Protection of the dark sky is relevant not only for astronomers, but for everyone. More than half of the world’s population now lives in cities, where the night sky is barely visible due to light pollution. The dark sky is part of our universal heritage and visibility of the stars and the Milky Way is a privilege that should be preserved for future generations.
ESO’s observatories are located under the pristine Chilean skies, but there are signs that light pollution is becoming a serious problem even there. ESO is an active supporter of light pollution control. Since 1999, Chile has made laws to protect the skies in northern Chile. ESO is also a partner in Chile’s Office for the Protection of the Night Sky Quality, along with other international observatories and Chile’s Ministry of Environment.
Protection of the night sky is everyone’s responsibility. With small changes in how we illuminate our homes and streets, we can save energy, reduce the effects of light pollution on people and wildlife, and contribute to the protection of the night sky.
In the future, ESO has many ideas for green initiatives that will help to make its facilities more environmentally friendly.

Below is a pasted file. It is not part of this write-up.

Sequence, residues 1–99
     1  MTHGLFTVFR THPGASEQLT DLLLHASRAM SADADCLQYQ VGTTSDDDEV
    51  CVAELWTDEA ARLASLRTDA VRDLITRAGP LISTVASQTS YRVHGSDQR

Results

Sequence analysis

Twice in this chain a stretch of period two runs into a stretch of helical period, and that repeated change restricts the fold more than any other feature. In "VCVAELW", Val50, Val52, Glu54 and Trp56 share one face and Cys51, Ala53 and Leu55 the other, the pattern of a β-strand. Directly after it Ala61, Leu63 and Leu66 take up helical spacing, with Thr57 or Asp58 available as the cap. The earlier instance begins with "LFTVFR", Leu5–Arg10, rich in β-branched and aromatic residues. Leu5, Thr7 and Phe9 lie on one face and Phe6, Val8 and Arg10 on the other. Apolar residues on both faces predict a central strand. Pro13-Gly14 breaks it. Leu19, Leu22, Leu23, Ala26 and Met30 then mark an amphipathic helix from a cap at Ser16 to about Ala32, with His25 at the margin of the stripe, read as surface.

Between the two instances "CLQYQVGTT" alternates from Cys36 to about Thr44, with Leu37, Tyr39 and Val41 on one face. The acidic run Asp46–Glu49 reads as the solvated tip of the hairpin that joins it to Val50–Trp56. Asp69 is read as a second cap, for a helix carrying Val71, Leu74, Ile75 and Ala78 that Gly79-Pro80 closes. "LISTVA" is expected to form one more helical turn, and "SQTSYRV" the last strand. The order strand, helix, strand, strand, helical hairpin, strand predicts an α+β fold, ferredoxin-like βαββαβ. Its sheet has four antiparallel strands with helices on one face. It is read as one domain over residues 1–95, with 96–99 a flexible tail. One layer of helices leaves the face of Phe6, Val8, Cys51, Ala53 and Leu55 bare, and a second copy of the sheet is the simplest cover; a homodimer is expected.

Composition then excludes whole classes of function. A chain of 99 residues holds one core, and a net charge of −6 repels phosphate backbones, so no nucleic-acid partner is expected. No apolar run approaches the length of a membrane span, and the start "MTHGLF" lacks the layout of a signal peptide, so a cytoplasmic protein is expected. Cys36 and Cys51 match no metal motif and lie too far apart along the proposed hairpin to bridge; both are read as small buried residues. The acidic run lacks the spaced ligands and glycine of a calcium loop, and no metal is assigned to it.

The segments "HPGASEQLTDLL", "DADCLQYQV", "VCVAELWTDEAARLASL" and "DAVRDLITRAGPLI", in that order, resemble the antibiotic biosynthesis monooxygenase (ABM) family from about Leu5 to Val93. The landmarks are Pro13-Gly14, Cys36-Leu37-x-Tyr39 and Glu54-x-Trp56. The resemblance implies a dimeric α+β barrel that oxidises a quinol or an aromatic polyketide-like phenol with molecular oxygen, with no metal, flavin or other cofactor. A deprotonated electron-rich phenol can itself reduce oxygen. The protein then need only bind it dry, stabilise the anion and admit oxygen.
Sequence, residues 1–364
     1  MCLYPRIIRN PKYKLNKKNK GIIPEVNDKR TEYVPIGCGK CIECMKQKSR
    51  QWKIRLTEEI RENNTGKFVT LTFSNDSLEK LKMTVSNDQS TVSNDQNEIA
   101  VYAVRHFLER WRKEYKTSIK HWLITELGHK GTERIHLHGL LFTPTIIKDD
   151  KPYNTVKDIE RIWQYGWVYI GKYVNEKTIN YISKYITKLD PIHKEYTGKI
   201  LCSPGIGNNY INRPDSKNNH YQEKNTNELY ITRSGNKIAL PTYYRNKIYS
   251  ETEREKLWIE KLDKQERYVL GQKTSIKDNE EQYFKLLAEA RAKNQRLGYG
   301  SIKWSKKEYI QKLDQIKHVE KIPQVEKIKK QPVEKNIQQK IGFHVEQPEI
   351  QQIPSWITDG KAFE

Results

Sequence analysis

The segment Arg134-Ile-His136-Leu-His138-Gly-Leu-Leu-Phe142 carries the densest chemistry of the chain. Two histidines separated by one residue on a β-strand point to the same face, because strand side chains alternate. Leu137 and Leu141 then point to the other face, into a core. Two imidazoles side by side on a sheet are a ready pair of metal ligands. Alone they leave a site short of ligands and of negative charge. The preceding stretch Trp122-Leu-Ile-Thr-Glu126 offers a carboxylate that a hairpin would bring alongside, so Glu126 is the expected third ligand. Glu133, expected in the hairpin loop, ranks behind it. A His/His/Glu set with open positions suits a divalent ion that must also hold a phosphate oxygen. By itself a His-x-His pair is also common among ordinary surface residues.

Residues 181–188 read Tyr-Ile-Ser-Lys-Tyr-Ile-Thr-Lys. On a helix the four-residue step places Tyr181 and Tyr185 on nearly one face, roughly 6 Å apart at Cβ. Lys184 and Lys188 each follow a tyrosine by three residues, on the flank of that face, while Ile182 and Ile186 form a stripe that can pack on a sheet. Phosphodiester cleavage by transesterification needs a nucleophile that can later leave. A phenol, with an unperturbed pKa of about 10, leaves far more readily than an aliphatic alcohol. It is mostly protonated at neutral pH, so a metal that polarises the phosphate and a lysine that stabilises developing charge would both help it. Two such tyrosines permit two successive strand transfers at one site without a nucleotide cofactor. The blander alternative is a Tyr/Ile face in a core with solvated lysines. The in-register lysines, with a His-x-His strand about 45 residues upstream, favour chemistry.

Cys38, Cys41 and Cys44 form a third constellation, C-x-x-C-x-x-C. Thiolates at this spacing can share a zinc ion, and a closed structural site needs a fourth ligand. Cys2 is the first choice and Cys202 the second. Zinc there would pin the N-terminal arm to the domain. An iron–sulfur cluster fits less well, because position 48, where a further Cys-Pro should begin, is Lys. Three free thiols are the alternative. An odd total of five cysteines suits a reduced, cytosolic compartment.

For water conservation, these include a treatment plant for sewage and purification plant to make tap water drinkable. Solar thermo-panels for heating water, such as those already in use at La Silla, can be made more widespread, which will help to reduce the cost in energy.
With regard to the buildings themselves, future constructions can be designed specifically to be green from the ground-up, while existing buildings can undergo a retrofit to achieve improvements. Such initiatives could also include more “intelligent” heating and lighting systems that automatically switch off when not in use, as well as more efficient appliances to optimise energy use in kitchens.
General emissions can also be reduced by encouraging employees to only make long-distance trips if essential. Telescopes are in Service Mode, while virtual access can allow astronomers to work remotely.